Climate justice: From green revolution to social revolution
Climate justice: From green revolution to social revolution
With the Paris Climate Accord in the air, our country threatens to be divided into a 'green' and a 'grey' class. How can we close this gap in perspective on climate change? Last month researchers, representatives of NGOs, SP members and other interested parties came together for a conference in Haarlem.
Sustainability – who's actually against it? Shivant Jhagroe, researcher and advocate of an inclusive climate policy, kicked the conference off with a question. Only one hand went up. Jhagroe is researching the power relations linked to sustainable initiatives in Rotterdam and The Hague and has concluded that poorer people are less likely to support them. In his view, sustainability is such a general concept that real opponents are very hard to find. Without addressing inequality, however, sustainability will become little more than a lifestyle for a small, select group, he warned, where the poor won't gain a thing, and in some cases will find themselves being fleeced. He gave the example of electric cars, which, he said, used batteries constructed with materials from armed conflict zones in Africa.
Another example, closer to home, concerns the tax on energy. Big consumers have here less to lose, concluded researcher Robert Vergeer. While consumers pay an average 10 cents per kilowatt hour (kWh), energy-greedy businesses pay a lower tariff of 0.057 cents per kWh, little more than a twentieth of that rate. “The lion's share of the benefits of the current climate policy comes from corporate business,” said Vergeer, “while it's households which carry the bulk of the burden.” The answer to the central question of the morning - “Are our current climate policy policies just?” - appeared in the wake of the presentations by Vergeer and Jhagroe to be beyond doubt.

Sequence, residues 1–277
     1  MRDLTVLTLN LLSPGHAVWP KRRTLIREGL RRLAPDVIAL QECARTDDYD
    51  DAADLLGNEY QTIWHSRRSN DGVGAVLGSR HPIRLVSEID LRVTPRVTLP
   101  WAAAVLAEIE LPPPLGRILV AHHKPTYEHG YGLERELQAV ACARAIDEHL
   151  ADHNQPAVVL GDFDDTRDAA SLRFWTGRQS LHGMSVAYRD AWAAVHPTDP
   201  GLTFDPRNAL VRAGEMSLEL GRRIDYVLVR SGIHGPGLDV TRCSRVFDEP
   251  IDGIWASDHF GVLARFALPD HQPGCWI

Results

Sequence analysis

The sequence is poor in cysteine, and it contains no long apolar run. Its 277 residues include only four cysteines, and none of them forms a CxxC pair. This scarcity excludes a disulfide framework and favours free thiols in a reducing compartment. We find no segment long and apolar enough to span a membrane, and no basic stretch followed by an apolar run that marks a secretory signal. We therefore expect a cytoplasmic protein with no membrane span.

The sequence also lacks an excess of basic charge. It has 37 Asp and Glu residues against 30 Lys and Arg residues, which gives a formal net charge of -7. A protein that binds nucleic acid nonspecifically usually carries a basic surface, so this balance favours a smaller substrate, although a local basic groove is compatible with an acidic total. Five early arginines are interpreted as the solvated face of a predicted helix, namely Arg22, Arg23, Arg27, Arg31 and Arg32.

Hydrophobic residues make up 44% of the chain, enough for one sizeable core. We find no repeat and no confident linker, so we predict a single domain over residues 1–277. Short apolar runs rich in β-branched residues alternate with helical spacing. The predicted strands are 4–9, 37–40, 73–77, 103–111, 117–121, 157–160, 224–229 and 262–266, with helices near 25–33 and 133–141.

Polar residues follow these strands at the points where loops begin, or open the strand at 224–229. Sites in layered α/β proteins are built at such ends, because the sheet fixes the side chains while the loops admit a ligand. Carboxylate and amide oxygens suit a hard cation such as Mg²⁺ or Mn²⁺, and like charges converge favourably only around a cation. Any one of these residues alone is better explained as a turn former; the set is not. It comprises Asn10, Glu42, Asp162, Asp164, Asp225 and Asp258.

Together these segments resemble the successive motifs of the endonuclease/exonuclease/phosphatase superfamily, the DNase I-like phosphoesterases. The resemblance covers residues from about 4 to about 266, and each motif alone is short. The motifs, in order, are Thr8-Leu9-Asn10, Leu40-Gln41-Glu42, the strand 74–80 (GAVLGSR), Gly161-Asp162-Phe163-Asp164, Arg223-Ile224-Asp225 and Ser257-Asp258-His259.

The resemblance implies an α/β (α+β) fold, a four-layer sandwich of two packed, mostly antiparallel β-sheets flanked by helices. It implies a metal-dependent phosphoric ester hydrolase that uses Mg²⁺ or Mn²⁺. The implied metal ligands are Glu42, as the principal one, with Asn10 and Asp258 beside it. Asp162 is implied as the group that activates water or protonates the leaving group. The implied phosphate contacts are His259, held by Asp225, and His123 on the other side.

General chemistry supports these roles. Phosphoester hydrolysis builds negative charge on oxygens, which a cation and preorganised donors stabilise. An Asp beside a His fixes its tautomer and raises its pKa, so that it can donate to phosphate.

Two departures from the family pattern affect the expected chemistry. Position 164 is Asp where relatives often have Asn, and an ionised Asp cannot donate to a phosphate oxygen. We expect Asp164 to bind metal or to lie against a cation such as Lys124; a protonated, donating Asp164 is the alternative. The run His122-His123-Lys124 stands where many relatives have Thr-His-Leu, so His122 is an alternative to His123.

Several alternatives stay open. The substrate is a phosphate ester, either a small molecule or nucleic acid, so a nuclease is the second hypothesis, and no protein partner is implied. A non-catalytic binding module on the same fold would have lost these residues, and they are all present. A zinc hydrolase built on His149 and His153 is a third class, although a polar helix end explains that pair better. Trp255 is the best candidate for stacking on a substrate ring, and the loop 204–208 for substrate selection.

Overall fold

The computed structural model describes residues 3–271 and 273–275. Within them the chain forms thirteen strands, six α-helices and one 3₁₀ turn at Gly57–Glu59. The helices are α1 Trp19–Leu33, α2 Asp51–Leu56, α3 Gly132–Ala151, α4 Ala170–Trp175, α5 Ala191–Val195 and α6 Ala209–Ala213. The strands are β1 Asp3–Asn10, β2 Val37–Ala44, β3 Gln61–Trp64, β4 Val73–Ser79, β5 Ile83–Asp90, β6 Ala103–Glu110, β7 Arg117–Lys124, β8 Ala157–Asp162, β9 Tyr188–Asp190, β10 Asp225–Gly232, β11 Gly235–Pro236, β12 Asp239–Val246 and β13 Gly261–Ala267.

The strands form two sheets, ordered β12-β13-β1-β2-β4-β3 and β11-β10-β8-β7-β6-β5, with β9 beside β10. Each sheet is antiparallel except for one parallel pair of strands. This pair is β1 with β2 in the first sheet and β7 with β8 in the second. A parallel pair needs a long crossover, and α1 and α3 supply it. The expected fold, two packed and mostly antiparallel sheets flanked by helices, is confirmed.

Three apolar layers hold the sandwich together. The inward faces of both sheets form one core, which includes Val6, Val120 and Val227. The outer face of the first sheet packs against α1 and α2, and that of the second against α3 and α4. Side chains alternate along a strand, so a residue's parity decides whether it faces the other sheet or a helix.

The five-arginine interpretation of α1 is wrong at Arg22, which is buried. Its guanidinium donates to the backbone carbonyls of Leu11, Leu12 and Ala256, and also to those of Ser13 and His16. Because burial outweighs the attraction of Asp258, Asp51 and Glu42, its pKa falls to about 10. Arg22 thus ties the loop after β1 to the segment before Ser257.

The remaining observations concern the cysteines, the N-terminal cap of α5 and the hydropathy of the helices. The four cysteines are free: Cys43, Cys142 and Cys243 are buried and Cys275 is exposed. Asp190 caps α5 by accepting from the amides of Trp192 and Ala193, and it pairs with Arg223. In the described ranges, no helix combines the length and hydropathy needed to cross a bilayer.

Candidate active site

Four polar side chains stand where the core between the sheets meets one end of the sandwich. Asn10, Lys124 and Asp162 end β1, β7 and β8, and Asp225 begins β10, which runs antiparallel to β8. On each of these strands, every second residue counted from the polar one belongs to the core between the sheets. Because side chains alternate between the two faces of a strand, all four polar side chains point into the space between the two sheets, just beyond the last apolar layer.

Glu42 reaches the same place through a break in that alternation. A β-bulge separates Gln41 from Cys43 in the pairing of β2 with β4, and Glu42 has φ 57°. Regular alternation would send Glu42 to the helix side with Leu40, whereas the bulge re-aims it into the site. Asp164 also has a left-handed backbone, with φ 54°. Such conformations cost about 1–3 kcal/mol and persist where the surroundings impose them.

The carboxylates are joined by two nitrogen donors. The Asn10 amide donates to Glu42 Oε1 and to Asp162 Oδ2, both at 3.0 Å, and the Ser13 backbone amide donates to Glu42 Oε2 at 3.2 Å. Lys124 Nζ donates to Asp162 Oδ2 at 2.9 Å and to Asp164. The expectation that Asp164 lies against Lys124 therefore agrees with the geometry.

Bart Wesselink, a researcher at leading Dutch environmentalist organisation Milieudefensie (Environment Defence), also recognises the dishonesty of the current climate policy. “The polluting industries pay between 50 and 150 million in climate tax, but get some 1000 million in climate subsidies. While the SP advocates climate justice, Wesselink, and Kitty Jong from the national trade union federation FNV, employ the concept 'fair transition', a comparable credo. The two organisations want to see a fair division of advantages and disadvantages from climate policy, including on the labour market, and climate solutions accessible to all.
Sustainability: local, or for all of us?
Climate justice: SP energy spokeswoman Sandra Beckerman launched the idea in Parliament, setting the tone for a critical discussion of the pros and cons of our climate policy.
How do we ensure that vulnerable groups also benefit from sustainability measures? How do we arrive at a just climate policy. According to Jhagroe, the issue is to see the climate as a public matter. He warned of the danger hidden within 'localism', or the rise of small-scale sustainability projects. “They're often noble initiatives,” he said, “but as long as the large-scale is missing, climate policy will lack bite.”
Political cartoonist Kees Willemen from Onderdendam, a village near Groningen in the country's north, however, said that he was a proud representative of such localism. The energy cooperative EnergieK Onderdendam, where he is a member of the executive, has existed for only a year, yet its members have managed between them to save enough to buy numerous solar panels. On 10th October the first of these had been installed on the roof of a shed belonging to a local building firm, and was opened in a party atmosphere.